The board of governors of the International Monetary Fund (IMF) has approved the allocation of $3.35 billion to Nigeria as part of a general allocation of Special Drawing Rights (SDRs) equivalent to $650 billion to boost global liquidity.
The IMF which disclosed this in a statement on Tuesday, August 3, explained that it is the largest SDR allocation in the history of the institution and a shot in the arm for the global economy at a time of unprecedented crisis.
Techeconomy.ng gathered that the SDRs are supplementary foreign exchange reserve assets defined and maintained by the IMF. They are units of account for the IMF, and not a currency per se.
They also represent a claim to currency held by IMF member countries for which they may be exchanged. SDRs were created in 1969 to supplement a shortfall of preferred foreign exchange reserve assets, namely gold and United States dollars.
The IMF’s Managing Director, Kristalina Georgieva, was quoted to have said: “This is a historic decision – the largest SDR allocation in the history of the IMF and a shot in the arm for the global economy at a time of unprecedented crisis.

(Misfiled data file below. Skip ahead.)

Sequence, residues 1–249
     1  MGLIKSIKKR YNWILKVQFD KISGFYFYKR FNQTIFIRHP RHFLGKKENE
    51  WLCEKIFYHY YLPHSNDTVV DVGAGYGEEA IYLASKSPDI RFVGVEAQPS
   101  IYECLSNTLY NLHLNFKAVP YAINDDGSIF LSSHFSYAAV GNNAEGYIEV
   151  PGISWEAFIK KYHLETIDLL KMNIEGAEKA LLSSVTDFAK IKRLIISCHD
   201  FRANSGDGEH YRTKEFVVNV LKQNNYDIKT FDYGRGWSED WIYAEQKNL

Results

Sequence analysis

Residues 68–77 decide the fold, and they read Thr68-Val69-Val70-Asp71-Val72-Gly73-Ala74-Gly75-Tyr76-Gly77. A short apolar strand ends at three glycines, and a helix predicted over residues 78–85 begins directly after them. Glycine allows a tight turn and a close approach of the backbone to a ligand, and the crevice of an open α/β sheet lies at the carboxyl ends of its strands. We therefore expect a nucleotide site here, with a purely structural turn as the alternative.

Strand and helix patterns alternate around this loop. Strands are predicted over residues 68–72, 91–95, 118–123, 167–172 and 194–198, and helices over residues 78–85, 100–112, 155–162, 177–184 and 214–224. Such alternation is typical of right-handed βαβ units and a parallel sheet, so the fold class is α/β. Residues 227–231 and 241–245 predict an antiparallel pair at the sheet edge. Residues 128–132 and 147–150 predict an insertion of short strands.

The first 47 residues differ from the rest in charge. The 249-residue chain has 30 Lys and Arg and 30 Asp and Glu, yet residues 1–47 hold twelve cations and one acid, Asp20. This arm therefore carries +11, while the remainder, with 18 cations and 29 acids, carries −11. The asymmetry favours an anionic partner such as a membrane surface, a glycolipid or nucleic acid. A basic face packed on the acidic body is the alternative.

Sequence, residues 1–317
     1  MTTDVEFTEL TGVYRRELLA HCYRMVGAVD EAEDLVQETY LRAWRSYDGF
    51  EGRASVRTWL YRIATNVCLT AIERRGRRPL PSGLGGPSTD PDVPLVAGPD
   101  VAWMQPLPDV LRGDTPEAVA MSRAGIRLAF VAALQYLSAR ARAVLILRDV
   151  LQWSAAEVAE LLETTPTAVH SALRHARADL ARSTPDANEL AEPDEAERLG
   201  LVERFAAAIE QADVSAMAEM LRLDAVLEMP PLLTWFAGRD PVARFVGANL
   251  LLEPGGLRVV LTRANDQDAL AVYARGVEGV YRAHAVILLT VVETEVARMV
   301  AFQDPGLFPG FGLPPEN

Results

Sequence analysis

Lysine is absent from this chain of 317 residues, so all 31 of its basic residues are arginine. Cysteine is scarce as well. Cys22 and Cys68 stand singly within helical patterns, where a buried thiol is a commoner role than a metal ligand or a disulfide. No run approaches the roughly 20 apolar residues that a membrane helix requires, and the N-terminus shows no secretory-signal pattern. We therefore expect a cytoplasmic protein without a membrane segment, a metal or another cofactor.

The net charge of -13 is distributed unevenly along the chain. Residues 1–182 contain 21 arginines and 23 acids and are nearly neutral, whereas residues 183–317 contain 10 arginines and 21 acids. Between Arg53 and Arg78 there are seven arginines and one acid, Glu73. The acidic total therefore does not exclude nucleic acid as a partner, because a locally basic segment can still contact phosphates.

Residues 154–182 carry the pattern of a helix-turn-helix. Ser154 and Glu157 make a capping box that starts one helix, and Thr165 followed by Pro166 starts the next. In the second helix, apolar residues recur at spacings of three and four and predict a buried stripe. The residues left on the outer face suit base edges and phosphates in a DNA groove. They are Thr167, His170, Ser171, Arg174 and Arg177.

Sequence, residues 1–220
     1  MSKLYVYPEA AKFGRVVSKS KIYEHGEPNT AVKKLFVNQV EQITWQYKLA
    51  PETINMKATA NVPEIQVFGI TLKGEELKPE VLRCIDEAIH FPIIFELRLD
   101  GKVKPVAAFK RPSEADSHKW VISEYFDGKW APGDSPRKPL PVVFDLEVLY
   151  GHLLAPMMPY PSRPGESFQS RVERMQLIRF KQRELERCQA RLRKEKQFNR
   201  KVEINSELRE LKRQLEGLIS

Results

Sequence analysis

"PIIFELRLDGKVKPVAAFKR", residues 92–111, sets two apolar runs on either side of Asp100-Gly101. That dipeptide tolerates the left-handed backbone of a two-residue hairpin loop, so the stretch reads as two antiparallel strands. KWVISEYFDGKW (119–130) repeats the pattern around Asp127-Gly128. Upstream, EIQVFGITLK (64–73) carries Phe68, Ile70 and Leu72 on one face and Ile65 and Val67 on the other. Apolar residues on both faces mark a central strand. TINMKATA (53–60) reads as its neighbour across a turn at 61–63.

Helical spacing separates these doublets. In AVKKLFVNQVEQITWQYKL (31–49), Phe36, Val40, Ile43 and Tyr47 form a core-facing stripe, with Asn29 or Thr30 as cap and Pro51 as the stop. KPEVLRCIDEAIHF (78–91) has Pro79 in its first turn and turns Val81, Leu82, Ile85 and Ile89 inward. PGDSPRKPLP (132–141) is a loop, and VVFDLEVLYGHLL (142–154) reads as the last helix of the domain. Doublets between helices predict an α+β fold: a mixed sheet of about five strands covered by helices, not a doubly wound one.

“The SDR allocation will benefit all members, address the long-term global need for reserves, build confidence, and foster the resilience and stability of the global economy.
“It will particularly help our most vulnerable countries struggling to cope with the impact of the COVID-19 crisis”.
The Washington-based institution noted that the general allocation of SDRs would become effective on August 23, 2021.
The statement read in part that the newly created SDRs would be credited to IMF’s member countries in proportion to their existing quotas in the Fund.
According to it, “About $275 billion (about SDR 193 billion) of the new allocation would go to emerging markets and developing countries, including low-income countries.
“We will also continue to engage actively with our membership to identify viable options for voluntary channeling of SDRs from wealthier to poorer and more vulnerable member countries to support their pandemic recovery and achieve resilient and sustainable growth.
“One key option is for members that have strong external positions to voluntarily channel part of their SDRs to scale up lending for low-income countries through the IMF’s Poverty Reduction and Growth Trust (PRGT).
“Concessional support through the PRGT is currently interest free. The IMF is also exploring other options to help poorer and more vulnerable countries in their recovery efforts.
“A new Resilience and Sustainability Trust could be considered to facilitate more resilient and sustainable growth in the medium term,”